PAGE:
Rumor Mill: What if Apple enters the Textbook Market?
Before every Apple event the rumor mill is turning and usually it’s all about the next iPhone, iPod, iPad - hence the next device that will just work, boom.
But this time it’s different as the rumors prior to the Apple event that’s planned to take place at the end of January in New York are pointing to a non device but service centered event. This means there are possibly iTunes, the App Store and iBookstore involved.
A blog post by Clayton Morris took the rumors to the next level, as he suggests, the event will be about education, e.g. iTunesU and textbooks. This goes in line with a part in the much discussed Steve Jobs biography by Walter Isaacson in which Jobs apparently spoke about his plan to disrupt the textbook industry in the same way he has disrupted music and movies with iTunes.
You can read a collection of the rumors over here but what if Apple really announces a partnership with major textbook publishers in two weeks? What were the consequences?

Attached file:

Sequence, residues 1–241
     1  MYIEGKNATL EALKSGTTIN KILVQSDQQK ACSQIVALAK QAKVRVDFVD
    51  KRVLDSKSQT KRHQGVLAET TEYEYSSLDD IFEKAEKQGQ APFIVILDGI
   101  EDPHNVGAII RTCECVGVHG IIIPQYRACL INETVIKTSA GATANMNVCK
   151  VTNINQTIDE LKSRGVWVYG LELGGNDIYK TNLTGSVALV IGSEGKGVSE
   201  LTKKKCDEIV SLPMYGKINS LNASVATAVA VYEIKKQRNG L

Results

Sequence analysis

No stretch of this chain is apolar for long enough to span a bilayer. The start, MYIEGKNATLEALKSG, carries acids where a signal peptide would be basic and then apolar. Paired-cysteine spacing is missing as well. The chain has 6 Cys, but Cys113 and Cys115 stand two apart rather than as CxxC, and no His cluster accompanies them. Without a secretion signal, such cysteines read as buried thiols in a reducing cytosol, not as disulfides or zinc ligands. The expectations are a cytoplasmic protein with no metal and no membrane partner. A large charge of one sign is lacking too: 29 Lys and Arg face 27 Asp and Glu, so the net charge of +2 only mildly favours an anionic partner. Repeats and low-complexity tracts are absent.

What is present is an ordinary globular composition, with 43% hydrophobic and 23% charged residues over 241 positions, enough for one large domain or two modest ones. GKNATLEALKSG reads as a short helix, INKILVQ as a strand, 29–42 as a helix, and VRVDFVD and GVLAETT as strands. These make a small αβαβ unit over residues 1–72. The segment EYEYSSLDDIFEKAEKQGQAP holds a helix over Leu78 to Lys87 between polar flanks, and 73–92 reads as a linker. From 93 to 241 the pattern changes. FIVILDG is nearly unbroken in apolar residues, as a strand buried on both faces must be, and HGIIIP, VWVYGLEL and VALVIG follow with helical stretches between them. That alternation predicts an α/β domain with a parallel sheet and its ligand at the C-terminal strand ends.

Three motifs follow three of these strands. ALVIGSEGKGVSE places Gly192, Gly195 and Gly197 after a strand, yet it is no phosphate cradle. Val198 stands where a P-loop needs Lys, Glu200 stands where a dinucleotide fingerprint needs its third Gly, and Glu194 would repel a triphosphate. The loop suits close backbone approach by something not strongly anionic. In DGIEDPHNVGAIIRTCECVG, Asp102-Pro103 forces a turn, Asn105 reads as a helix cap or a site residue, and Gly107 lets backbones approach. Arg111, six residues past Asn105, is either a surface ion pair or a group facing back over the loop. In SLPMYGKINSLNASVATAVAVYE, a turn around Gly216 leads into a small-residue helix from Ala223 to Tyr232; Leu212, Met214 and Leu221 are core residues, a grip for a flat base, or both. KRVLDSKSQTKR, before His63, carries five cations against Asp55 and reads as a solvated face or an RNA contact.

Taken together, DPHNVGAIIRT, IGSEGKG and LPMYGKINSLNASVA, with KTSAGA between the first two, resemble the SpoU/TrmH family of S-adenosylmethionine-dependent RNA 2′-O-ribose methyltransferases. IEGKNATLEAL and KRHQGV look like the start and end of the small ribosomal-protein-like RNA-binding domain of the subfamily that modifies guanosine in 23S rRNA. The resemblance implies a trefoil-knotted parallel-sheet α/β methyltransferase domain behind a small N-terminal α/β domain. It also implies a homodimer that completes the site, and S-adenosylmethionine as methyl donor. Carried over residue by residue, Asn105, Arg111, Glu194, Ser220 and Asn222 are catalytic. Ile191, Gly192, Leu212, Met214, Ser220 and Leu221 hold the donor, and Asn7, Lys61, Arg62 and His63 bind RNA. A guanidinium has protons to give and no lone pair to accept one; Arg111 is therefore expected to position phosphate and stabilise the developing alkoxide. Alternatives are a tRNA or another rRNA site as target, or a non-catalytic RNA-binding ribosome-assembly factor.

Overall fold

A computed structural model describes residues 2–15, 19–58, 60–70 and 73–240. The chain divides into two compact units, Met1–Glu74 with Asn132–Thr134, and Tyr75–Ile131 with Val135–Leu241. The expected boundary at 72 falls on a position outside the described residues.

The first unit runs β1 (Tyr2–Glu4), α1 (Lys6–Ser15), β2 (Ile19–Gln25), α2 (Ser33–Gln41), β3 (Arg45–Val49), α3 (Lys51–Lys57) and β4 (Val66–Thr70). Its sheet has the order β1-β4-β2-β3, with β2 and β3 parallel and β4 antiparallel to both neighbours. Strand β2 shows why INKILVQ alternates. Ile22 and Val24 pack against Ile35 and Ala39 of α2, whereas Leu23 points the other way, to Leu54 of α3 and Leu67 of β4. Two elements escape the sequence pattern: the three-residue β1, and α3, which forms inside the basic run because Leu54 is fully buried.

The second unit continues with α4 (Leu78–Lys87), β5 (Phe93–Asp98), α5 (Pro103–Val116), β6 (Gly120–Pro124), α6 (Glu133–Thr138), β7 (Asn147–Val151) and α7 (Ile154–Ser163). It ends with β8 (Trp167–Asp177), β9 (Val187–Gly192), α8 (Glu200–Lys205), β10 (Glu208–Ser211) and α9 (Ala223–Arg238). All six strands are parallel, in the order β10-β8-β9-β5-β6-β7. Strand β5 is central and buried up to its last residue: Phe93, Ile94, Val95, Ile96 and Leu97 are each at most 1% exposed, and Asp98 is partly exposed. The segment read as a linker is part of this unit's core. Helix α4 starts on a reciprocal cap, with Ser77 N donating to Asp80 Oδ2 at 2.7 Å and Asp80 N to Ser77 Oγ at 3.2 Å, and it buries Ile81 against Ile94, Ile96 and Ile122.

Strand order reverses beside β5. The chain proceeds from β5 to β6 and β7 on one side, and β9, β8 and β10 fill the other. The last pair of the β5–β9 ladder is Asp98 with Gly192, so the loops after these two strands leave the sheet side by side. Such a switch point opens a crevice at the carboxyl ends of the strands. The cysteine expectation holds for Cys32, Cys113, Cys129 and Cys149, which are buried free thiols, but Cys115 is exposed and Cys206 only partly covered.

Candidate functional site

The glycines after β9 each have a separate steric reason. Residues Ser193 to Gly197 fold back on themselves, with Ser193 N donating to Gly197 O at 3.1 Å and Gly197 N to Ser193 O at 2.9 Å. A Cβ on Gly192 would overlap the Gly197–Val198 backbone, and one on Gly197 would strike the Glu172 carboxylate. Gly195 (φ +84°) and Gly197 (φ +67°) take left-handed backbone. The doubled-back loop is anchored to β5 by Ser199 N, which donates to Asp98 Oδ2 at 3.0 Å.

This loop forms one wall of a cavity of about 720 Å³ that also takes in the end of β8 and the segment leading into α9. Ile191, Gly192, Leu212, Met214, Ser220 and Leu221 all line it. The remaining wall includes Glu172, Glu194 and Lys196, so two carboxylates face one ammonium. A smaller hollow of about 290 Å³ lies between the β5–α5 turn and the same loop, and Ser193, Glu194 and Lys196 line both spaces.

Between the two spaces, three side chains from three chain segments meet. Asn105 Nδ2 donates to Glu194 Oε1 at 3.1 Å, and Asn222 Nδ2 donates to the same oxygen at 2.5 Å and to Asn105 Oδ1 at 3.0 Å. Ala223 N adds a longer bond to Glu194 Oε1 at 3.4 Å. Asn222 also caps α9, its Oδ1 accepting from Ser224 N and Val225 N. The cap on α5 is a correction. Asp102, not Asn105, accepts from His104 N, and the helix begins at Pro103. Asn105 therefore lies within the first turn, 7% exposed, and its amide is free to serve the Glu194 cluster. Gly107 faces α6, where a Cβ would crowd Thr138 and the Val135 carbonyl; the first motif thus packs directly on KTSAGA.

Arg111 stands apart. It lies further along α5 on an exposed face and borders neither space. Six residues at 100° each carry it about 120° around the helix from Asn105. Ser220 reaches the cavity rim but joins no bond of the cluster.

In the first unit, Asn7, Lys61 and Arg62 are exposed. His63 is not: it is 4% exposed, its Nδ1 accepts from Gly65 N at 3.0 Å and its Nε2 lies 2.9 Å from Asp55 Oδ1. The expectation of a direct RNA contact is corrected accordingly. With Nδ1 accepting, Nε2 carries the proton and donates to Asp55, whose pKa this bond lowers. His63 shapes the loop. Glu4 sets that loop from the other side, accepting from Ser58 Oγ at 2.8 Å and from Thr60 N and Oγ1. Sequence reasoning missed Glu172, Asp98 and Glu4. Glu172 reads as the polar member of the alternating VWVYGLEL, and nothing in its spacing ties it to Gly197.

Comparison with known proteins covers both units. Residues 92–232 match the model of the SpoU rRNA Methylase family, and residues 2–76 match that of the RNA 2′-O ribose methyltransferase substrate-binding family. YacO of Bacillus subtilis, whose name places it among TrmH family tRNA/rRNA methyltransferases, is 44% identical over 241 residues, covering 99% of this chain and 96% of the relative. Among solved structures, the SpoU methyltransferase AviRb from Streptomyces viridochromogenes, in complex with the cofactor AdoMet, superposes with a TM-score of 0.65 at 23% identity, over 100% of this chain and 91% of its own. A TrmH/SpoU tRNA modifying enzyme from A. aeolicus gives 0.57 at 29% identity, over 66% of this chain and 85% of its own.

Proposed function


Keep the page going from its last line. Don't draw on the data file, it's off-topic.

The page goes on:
First of all, I don’t think that the announcement will be about free textbooks on the iPad. They have to cost something. But as Goodereader and Ars Technica suggest, there might be a digital publishing platform involved in the announcement which could enable publishers (textbook makers included) to bring their books into the iBookstore on a self serve basis.
That is something that startups like Kno, Inkling and ScrollMotion are currently doing. If Apple enabled publishers to do the same thing, maybe even more through deeper iOS integration, the publishers could cut out the middlemen and sell directly to the end user.
It is also known that most of the big education publishers are or were on the list of SOPA supporters. A secure DRM driven model based on the experience Apple and music publishers had with iTunes could be a good reason for publishers to partner with Apple.
For Apple, a partnership like this would make the iPad even more attractive to educational institutions. It could also keep other tablet makers and Amazon at distance as it would essentially enable Apple to sell the entire bundle, device + content, to schools and universities.
And there are also rumors that Apple is planning to release competitive products to take on the Amazon Kindle price tag, e.g. a 7 inch version or keeping the iPad 2 as cheaper alternative to the iPad 3 after its launch, basically the same Apple did with the iPhone 3GS and iPhone 4.
If they turned the iPad 2 into the true digital backpack and pricing the device at $199 or lower with access to cheap e-textbooks and learning related applications it could be a pretty big deal.
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